Mutesi also attributes the increase in coffee consumption to the improvement in quality of coffee brewing within Rwanda.

Coffee and business relations

Coffee also seems to be the drink of interest for most business meetings around town.

Philip Ngarambe, the managing director of P&FR, a branding and marketing firm says, “Offices are great. They are great meeting places but in the business world, particularly when selling something - taking a client out for coffee helps to build a conversation which then helps to create a connection of understanding and even alliance. The moment that is into play, it’s very easy to put an idea on the table and close it.”

He adds, “You don’t want to take your client for beers as you don’treally know their view on drinking. You also don’t want to take them to dinner for the first meeting outside office. So what is left? An invitation for coffee.”

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Coffee shops around the city are popular due to the growing number of coffee lovers. 

The rise of the coffee culture

Bourbon Coffee was the first prominent café to open shop in 2007 but today, cafés have sprouted in almost every corner of Kigali.

Paul Ntaganda, the General Manager of Bourbon Coffee, says the number of coffee lovers is steadily going up.

“The increase in the number of cafés is a big sign that people are enjoying coffee more and more and this has even pushed coffee outlets to innovate and give their clients a better coffee experience,” he says.

He adds, “Bourbon Coffee came up with ‘African Coffee’ and ‘Ginger Tea’ because of the increase in the demand for coffee drinks.”

As Bourbon Coffee expands its coffee menu, it is also expanding its franchise due to the demand from their client base.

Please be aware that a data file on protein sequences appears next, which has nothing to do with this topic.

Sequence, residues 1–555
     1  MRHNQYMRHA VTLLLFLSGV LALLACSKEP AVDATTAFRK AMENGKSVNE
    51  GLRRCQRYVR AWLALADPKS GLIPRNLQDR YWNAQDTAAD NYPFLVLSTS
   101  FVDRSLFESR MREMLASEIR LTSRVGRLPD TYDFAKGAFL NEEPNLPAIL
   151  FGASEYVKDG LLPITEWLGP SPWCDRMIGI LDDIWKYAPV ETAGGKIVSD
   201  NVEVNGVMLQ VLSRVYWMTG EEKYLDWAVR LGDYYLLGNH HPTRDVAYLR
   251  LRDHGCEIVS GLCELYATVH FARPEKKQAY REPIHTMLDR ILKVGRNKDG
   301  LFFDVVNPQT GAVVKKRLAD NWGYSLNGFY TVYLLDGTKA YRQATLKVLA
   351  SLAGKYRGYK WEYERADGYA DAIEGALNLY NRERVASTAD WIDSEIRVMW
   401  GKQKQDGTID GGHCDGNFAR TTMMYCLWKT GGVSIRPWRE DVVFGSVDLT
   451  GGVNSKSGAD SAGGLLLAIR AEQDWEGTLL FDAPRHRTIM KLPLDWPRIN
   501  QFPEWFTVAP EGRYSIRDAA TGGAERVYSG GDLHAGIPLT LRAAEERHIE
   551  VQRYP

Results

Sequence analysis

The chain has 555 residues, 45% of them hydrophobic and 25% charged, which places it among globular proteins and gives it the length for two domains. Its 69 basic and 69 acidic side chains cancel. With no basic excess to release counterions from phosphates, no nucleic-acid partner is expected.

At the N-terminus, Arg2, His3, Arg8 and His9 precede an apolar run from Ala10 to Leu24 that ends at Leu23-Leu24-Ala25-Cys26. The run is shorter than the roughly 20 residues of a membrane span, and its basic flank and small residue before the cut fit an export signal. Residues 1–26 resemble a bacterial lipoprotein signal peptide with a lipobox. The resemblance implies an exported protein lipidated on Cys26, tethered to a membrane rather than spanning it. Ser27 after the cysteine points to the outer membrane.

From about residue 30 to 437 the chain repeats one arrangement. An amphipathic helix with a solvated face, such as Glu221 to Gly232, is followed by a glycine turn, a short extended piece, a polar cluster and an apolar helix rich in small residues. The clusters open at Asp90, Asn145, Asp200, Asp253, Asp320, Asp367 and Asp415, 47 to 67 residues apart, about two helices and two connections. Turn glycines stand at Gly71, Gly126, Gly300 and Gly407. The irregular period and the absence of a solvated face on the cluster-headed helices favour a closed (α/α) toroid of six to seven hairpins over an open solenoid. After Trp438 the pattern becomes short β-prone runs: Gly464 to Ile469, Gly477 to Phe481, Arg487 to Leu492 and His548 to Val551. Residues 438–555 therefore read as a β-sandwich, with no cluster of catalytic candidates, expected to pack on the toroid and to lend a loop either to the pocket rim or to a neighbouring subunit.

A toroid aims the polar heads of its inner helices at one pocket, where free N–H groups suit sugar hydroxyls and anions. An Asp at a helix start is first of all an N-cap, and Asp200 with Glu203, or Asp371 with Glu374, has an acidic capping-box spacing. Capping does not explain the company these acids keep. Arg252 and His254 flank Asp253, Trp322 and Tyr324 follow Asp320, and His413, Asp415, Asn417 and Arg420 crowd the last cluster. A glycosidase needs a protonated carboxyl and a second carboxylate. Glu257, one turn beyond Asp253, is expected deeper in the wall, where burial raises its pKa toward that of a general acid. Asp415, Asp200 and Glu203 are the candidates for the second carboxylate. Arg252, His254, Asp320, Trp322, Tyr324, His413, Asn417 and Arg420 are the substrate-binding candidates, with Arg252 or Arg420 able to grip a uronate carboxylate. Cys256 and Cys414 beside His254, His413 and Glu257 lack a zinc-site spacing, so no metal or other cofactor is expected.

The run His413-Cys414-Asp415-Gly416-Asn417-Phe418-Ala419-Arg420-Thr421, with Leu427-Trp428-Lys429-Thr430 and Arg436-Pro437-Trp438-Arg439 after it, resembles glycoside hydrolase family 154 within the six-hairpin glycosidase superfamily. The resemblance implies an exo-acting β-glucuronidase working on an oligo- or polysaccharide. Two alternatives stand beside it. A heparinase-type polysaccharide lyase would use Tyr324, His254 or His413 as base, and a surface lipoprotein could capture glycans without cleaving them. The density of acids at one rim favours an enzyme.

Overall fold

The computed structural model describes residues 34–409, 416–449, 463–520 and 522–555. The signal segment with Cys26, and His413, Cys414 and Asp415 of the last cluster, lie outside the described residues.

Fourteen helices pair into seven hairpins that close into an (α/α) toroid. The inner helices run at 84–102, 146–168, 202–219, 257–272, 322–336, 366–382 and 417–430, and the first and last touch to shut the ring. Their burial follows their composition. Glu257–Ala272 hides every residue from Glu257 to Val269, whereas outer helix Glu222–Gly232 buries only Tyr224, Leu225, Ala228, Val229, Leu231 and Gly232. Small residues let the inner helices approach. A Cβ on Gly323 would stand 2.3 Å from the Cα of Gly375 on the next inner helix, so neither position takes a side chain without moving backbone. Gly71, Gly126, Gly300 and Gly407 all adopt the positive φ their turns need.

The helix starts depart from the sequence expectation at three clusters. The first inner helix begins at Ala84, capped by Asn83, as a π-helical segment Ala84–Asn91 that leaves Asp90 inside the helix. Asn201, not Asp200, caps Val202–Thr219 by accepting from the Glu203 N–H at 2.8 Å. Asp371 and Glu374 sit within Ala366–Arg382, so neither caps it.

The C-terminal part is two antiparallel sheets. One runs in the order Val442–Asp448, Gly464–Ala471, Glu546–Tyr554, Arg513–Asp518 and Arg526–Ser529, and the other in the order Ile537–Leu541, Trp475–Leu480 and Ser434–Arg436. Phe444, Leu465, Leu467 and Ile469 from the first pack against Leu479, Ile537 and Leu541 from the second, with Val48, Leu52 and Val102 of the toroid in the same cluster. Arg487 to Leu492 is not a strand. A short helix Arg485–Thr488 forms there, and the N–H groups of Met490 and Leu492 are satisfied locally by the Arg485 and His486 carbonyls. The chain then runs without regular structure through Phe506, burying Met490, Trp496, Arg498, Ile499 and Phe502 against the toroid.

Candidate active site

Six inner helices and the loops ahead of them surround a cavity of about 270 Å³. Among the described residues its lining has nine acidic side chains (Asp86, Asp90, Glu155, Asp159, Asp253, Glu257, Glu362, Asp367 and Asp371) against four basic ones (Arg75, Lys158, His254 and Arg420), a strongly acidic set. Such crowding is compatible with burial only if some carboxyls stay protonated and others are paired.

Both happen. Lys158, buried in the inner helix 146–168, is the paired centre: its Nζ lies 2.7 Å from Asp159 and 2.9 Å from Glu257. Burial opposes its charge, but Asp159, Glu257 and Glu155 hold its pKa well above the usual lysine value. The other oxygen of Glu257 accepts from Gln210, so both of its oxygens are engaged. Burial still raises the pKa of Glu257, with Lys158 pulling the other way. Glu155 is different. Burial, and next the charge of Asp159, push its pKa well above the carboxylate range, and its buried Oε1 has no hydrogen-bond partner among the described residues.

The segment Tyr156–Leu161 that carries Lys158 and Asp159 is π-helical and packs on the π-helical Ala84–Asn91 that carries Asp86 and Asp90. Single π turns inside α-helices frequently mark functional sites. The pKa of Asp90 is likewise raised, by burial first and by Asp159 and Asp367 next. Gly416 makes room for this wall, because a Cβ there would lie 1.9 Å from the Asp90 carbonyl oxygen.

“The reason for the increase in the number of coffee lovers, among many other reasons, is the awareness about the positive health effects of coffee to the heart and body in general and it has helped people appreciate and consume coffee and other products,” Ntaganda says.

As the coffee trend pushes coffee outlets to expand, office spaces have also adopted the culture and some have even gone as far as setting up commercial coffee bars in their buildings.

KLab Coffee Bar is located inside Telecom House, and attracts people on all floors of the building.

Originally it was mainly selling soft drinks, but now the place is popular for lattes, cappuccino and espresso, according to Fais Uwizeye, the managing director of KLab Coffee Bar.

“When we started, people consumed more soft drinks and yoghurt but today, the coffee consumption has gone up significantly and one person can come for coffee over three to four times a day. Workmates come to the coffee bar to relax and have a light conversation over a cup of coffee,” Uwizeye notes.

Mufuth Nkurunziza, a graphic designer, says coffee, his laptop and Wi-Fi is a good combination when staying up late to finish a client’s work.

“If I am determined to finish some work and I’m scared to fall sleep before I finish, I order a latte and put less sugar then get to work. It does magic for me,” he says.

Nkurunziza adds: “It has become a habit now, I always feel like having a latte when I have a lot of work to do but I really enjoy it when it is well prepared.That is the edge cutter.”

What does increase in local coffee consumption mean for Rwanda?